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Why China Can Attract More FDI: A Response to "Competitiveness in India and China: the FDI puzzle" - ... Secondly, Prime, Subrahmanyam and Lin (2011) proved the related and supporting industries, the role of government and institutions, and the “chance factor”: timing and location are close related to the FDI flows (pp. 320-328). This relationship was the results of this research paper. Last but not least, Prime, Subrahmanyam and Lin (2011) concluded their research covered crucial conditions of the Porter’s diamond theory to analyze this issue, but the conditions lacked ample data and examples to support the results (p....   [tags: foreign direct investment]
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Solutions to Improve Relations Between Pakistan and India - ... These dams enable India to control Pakistan’s only source of water and threaten the sustainability of its agricultural sector. Moreover, this could also threaten Mangla dam’s ability to generate hydropower which produces half of Pakistan’s hydropower, causing the entire country to suffer the consequences. This fight is adding a new layer of volatility at a critical moment to one of the most strained relationship, one between deeply distrustful, nuclear armed nations who have already fought three wars....   [tags: Terrorism, Mistrust, Government]
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The History of Nana Rao Park, Kanpur in India - ... Though controversy surrounds what exactly happened, and who fired the first shot, it is known that soon afterwards, the departing British were shot at, by the rebel sepoys, and were either killed or captured. Many were killed and the remaining British women and children were brought back to shore and sent to a building called the Bibighar (the ladies' home). It was then that the tragic incident of the Bibighar massacre of Kanpur took place. It was presumed that at this place the massacre of around 200 British women and children by Nana Sahib's forces in the 1857 Indian rebellion....   [tags: chandela dynasty, independence, monument] 795 words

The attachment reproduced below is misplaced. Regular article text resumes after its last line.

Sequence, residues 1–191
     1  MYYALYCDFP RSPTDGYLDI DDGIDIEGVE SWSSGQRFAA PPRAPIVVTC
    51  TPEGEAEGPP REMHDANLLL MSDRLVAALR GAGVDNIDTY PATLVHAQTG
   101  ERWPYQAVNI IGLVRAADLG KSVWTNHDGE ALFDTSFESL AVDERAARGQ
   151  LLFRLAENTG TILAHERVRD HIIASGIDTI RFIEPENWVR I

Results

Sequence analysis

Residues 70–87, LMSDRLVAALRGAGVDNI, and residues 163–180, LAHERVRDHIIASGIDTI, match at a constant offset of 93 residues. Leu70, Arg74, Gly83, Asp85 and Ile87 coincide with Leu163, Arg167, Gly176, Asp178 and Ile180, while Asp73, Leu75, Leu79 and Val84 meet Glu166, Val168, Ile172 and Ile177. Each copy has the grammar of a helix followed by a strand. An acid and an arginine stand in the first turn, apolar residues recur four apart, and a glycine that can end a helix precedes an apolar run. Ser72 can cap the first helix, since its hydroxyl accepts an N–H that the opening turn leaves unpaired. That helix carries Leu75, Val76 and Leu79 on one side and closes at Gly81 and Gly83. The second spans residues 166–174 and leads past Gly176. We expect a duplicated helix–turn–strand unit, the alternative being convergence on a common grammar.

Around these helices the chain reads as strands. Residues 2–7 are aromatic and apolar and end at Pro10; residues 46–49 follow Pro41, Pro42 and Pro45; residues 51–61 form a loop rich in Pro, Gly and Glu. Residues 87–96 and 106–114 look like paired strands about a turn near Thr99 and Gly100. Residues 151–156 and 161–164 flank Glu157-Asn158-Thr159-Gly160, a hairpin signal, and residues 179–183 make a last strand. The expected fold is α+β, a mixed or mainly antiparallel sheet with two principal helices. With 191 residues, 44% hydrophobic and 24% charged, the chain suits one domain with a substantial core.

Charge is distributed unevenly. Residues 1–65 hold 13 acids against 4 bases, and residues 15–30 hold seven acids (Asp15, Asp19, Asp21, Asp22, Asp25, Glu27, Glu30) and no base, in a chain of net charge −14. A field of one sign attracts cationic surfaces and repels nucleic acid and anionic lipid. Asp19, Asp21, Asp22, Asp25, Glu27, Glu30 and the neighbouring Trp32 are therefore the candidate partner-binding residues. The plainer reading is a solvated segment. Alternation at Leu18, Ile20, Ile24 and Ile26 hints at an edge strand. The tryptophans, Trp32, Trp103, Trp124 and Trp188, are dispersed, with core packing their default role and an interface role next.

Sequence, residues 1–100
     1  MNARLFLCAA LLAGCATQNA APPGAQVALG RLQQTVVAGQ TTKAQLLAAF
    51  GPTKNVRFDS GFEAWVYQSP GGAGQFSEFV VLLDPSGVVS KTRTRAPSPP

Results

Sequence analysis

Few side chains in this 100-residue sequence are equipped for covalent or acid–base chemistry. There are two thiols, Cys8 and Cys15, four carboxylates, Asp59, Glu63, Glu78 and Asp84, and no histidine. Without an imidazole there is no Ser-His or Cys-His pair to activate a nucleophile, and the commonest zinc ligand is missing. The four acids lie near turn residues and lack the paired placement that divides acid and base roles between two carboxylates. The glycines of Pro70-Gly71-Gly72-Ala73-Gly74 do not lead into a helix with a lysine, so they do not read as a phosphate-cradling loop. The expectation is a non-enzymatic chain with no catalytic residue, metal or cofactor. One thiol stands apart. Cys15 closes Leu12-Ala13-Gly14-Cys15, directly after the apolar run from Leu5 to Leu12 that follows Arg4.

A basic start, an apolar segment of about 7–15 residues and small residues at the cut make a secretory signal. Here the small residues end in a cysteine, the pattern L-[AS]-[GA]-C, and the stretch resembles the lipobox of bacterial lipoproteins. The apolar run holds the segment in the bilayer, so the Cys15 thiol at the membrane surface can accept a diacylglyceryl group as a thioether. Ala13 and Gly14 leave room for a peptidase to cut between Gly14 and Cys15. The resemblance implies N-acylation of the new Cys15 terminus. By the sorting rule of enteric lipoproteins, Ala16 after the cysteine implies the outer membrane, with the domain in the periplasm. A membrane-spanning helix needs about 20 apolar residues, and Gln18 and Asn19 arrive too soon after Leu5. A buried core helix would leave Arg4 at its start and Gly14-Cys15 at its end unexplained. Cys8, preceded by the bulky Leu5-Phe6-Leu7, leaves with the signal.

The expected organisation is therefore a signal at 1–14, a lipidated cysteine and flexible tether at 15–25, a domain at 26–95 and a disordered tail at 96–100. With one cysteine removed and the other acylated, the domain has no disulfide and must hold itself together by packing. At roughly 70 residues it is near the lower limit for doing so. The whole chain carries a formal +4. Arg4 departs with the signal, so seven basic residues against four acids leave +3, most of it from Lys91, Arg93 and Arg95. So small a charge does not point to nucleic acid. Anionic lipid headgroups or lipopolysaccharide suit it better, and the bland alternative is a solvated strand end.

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Partition Literature of India - The Partition of India "A moment comes, which comes but rarely in history, when we step out from the old to the new, when an age ends, and when the soul of a nation, long suppressed, finds utterance." -Jawarhalal Nehru 14 August, 1947, saw the birth of the new Islamic Republic of Pakistan. At midnight the next day India won its freedom from colonial rule, ending nearly 350 years of British presence in India. During the struggle for freedom, Gandhi had written an appeal "To Every Briton" to free their possessions in Asia and Africa, especially India (Philips and Wainwright, 567)....   [tags: essays research papers] 2069 words